High Bridge, Lincoln
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The High Bridge in Lincoln, England, is the oldest bridge in the United Kingdom which still has buildings on it. The bridge was built about 1160 AD and a bridge chapel was built dedicated to Thomas Becket in 1235 on the east side of the bridge. The chapel was removed in 1762. The current row of timber framed shops on the west side of the bridge date from about 1550. The two upper storeys of the shops are jettied forward and at the corners there are carved figures of angels. The shops were partly dismantled and re-erected in 1901–02 under the supervision of the Lincoln architect William Watkins.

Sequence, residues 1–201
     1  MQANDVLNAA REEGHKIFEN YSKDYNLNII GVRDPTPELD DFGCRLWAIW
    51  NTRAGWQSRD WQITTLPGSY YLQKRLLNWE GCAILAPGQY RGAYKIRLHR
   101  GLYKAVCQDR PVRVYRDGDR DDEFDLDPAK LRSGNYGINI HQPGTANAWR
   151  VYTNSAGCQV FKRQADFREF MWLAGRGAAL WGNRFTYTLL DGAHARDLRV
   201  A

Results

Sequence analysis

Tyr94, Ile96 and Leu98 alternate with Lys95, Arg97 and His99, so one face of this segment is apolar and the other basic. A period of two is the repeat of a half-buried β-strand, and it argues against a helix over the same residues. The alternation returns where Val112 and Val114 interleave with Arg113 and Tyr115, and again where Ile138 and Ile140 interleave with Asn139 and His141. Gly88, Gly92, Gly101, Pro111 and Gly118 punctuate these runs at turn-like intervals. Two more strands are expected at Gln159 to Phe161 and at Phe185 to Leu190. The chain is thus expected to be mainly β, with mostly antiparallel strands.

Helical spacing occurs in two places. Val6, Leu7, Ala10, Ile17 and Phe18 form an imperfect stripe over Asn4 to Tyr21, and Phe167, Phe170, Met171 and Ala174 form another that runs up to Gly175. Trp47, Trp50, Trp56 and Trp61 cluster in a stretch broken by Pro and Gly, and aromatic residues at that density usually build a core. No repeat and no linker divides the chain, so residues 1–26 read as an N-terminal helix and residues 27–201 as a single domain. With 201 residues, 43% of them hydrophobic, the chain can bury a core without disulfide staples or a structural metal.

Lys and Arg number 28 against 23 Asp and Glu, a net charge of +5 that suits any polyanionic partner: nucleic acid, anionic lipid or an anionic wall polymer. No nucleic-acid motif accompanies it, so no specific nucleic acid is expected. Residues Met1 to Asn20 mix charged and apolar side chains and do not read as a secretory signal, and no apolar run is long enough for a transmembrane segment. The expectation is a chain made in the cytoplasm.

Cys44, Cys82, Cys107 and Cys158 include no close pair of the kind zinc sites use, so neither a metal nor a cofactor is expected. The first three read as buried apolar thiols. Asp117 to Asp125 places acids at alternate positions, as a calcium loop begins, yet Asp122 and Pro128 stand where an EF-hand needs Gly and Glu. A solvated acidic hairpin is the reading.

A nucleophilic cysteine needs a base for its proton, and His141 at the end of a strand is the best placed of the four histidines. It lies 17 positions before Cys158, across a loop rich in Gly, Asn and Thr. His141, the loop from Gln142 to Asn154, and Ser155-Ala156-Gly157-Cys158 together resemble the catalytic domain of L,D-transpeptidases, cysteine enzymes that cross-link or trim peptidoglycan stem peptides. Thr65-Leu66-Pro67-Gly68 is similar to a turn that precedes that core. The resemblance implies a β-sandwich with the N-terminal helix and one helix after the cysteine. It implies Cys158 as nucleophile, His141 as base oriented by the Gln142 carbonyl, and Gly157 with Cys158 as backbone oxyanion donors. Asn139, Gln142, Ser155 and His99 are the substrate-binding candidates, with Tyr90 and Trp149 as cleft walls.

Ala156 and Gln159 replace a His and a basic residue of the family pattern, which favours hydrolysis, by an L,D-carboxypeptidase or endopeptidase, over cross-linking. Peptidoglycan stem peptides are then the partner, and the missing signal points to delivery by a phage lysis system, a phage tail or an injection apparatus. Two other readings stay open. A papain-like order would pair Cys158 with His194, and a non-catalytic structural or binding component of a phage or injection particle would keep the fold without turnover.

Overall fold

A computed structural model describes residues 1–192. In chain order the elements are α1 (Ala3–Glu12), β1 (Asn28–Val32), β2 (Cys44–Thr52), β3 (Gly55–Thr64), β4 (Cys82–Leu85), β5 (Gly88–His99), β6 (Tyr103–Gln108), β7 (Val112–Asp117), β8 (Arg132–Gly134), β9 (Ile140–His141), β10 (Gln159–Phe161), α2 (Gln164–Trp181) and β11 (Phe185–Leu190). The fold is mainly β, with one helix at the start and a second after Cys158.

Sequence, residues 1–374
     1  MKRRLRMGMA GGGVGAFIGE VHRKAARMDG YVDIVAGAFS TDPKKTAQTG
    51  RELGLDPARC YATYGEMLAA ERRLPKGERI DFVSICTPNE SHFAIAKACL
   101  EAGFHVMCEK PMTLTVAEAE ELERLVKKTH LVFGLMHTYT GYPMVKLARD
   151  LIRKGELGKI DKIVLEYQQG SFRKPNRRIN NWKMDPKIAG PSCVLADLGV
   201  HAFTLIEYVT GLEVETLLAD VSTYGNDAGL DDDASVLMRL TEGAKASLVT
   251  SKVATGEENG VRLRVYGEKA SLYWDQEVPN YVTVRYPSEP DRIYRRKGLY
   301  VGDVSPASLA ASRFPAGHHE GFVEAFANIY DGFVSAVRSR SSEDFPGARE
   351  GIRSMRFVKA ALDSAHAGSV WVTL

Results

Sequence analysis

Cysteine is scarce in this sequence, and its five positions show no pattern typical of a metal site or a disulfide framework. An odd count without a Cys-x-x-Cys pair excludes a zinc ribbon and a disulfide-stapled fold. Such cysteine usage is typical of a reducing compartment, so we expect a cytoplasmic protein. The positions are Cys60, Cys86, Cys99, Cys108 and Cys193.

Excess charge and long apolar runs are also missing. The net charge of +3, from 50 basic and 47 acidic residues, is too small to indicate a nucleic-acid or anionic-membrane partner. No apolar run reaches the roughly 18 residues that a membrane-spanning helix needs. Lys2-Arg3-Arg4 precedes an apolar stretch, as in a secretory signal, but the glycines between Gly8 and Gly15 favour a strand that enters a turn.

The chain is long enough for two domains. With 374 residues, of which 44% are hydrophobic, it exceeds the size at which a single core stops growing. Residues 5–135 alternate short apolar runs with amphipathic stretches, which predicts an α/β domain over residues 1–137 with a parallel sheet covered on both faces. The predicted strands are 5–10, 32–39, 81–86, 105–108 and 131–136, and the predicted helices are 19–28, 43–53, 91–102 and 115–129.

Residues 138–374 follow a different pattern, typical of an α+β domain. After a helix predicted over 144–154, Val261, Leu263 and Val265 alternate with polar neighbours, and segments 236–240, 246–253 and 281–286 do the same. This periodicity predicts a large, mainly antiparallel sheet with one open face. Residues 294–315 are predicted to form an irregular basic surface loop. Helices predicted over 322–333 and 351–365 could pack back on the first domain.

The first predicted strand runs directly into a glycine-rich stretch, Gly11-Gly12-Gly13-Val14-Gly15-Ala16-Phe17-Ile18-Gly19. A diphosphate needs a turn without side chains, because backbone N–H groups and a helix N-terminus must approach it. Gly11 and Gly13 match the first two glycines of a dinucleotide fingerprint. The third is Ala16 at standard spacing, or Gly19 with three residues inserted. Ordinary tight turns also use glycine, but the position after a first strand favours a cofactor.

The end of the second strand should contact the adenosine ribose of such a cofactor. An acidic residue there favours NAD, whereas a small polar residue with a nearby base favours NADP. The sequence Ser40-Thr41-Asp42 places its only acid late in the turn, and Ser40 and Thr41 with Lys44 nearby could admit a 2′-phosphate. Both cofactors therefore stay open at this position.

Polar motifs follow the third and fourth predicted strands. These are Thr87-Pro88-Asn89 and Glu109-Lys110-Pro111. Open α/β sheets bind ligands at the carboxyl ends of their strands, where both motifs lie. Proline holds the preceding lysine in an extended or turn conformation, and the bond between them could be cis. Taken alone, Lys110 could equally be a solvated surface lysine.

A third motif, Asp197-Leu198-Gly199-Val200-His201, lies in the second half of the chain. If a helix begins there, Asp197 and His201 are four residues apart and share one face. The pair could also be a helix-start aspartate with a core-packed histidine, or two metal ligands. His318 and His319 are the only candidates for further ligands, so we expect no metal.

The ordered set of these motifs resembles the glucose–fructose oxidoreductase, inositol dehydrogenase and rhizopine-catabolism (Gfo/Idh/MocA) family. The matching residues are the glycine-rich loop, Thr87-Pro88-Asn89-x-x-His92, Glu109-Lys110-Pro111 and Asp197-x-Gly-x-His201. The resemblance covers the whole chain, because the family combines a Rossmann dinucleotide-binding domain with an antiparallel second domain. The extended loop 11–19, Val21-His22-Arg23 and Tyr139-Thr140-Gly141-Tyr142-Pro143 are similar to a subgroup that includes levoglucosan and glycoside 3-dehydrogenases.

Bridges like this were common in the Middle Ages, the best known being London Bridge, but most have long since been demolished because of their obstruction to the river flow and to shipping.
The Glory Hole is the name given by generations of boaters to the High Bridge in Lincoln. It has a narrow and crooked arch which sets a limit on the size of boats using the Witham and going from Brayford Pool, at the start of Foss Dyke, to Boston and the sea.
Since the 14th century the bridge has contributed to floods in Lincoln and after any heavy rain the bridge is virtually unnavigable, which may be why it got its name.[clarification needed] A design by William Jessop in the 19th century to reroute the waters of the Witham through the south of the town was never implemented.
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